Will the consumption tax hike repeat the history for the Japanese yen?

USD/JPY had remained under pressure of the psychological barrier of 105.00, for a long time, after touching 103.73 during May 2013. The price action was contained in a triangular pattern for 6 months before the pair ultimately broke out of that pattern recently. The long awaited hit took place last week when the pair broke over 105.00 key level first time after October 2008 i.e. in more than past 5 years. In doing so the pair has completed the 61.8% reversal of the great fall of past 10 years i.e.from 123.67 to 75.36.

USD/JPY’s Price Action During Past 10 Years

The 61.8% retracement of the above mentioned fall is at 105.21. USD/JPY is just below that level after touching 105.40 during this last week.

Japan Economy - Local Issues

Global economy has been in a depression since Lehman Brothers collapse and the shock it brought. Japan has been has been having it's own local issues apart from the overall global economic depression.

Earthquake and Tsunami of 2011

Tohoku area earthquake and the devastating Tsunami which had hit Japan on March 11, 2011 had added to the bearish pressures. According to the estimates of World Bank the natural disaster was the costliest natural disaster in the history of the world with an estimated economic cost of US$ 235 billion. The bearish sentiments and the economic pressures continued with over 1,000 aftershocks since then. The largest of these aftershock was of 7.9 magnitude on the Richter scale and  80  of those over 6.0 magnitude. The issues due to Fukushima Daiichi Nuclear power plant melt down and the radiation concerns kept on adding the bearish pressure on the economy.

Tensions with China and South Korea

The territorial disputes with China and South Korea  over the claims for the ownership of  the Senkaku and Takeshima islands respectively have been putting added pressures on the economy. The recent visit of Prime Minister Abe to the controversial Yasukuni shrine which honors the World War-2 dead, out of which many are convicted war criminals, have again fueled these tensions. Last week's visit of Prime-Minister Abe was the first visit to Yasukuni shrine by a Japanese PM since the year 2006.

Planned increase in the consumption tax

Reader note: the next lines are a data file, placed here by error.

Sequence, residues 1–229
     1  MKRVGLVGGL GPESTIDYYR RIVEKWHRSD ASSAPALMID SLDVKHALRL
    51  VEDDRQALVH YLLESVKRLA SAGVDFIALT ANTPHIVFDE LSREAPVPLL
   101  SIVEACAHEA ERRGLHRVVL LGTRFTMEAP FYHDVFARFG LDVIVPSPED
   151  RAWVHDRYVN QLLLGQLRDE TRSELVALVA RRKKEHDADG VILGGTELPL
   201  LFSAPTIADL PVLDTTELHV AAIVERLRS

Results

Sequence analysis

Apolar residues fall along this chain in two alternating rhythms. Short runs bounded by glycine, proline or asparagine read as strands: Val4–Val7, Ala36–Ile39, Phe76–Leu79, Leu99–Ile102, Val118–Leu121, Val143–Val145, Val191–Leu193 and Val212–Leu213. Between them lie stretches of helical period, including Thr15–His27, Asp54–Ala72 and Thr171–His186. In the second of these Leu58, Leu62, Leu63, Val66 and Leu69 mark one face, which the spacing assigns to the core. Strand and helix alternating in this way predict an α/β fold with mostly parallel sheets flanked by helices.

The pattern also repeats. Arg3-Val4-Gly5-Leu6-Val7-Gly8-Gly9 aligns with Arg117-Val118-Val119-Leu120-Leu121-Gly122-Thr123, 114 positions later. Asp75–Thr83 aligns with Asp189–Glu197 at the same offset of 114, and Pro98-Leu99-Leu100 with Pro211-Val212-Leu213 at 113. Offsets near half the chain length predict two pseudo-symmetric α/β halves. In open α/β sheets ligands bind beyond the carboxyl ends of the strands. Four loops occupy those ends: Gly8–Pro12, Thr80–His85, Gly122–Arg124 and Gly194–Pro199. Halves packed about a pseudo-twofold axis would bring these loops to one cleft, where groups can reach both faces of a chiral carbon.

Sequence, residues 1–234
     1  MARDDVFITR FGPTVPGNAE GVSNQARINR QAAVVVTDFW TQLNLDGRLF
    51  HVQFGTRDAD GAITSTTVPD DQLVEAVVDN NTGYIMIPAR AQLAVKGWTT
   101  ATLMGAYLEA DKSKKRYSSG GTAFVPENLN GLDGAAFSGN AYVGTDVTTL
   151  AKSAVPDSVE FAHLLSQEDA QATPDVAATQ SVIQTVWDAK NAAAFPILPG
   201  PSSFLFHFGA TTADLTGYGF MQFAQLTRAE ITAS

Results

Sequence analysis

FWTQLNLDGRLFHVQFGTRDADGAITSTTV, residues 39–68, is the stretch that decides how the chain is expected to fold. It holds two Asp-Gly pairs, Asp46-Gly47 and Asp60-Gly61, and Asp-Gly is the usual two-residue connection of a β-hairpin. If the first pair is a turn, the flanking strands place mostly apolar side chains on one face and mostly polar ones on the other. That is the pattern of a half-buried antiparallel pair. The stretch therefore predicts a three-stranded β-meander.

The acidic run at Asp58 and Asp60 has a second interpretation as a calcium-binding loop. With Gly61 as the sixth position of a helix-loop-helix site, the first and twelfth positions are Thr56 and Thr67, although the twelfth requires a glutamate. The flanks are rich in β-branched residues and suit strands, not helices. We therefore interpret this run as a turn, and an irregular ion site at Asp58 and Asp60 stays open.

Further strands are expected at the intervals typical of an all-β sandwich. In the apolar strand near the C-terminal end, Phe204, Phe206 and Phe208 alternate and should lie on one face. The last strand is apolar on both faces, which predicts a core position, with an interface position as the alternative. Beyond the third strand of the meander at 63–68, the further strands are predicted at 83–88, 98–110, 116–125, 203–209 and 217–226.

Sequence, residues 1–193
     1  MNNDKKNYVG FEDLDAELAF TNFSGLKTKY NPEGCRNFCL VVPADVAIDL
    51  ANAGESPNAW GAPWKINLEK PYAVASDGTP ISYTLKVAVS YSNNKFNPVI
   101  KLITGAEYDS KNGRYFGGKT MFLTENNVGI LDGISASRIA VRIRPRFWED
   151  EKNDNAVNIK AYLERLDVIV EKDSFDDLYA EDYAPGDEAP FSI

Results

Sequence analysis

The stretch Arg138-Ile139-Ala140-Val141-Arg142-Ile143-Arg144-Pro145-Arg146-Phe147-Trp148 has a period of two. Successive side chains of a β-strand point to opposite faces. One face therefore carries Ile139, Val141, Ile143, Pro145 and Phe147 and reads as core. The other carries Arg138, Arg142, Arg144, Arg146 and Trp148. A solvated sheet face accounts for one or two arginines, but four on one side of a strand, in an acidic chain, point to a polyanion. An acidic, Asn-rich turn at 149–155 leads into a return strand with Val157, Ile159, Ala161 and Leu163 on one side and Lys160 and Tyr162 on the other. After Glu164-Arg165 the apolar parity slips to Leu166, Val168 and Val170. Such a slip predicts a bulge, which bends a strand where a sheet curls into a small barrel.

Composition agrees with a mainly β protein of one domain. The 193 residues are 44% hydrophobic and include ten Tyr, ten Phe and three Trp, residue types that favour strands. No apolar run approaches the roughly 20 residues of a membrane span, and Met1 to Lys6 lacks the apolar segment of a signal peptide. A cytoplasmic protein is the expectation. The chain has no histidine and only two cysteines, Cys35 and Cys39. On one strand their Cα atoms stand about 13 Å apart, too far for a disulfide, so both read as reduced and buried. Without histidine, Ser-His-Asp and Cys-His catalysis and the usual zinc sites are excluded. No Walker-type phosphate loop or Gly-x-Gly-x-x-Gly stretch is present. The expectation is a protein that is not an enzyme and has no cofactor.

Consumption tax or the sales tax in Japan was last raised in the year 1997 from 3% to 5%. On April 1st, 2014 another increase has been planned from current 5% to 8%. There are thoughts to increase it further to 10%, depending on the economic conditions during October 2015.

Let's check what happened during the previous consumption tax hike.

USD/JPY price-action just before and after the last consumption tax hike

The previous tax hike, 16 years back, had also come in a planned manner. As the above chart indicates the yen kept on weakening before the hike was implemented on April 1, 1997. The weakness continued for the next one month i.e. till April end. A consolidation then took place but the recovery, after that, continued for next 16 months and took USD/JPY to the high of 144.77 during August 1998.

What to expect in the year 2014?

The bearish sentiments for Japanese yen are evident. The break over 105.00 key level has broken one more psychological barrier. The year 2014 is expected to see further weakness in the yen and hence further strength in USD/JPY and also other major JPY crosses.

As reported on ForexAbode.com, the weakened yen will help exports but an increase in the consumption tax will affect the domestic consumption with the prices of everything going higher. Any drop in the domestic sales and the consumer sentiments will go against the yen further. We would expect USD/JPY to take out the barrier of 110.00 during 2014. We can not even rule out the possibilities of a move to 112.25/112.40 as a move to 112.26 will complete Fibonacci retracement of 74.6% for the currency pair.

Do share your opinions and thoughts to discuss about the outlook for the year 2014 further. Please also check the USD/JPY outlook which is updated weekly.

Connect the author on Google at +Himanshu Jain

Views: 113

Comment by Himanshu Jain on December 31, 2013 at 7:23am

Good that I am a bit far away from there ;)


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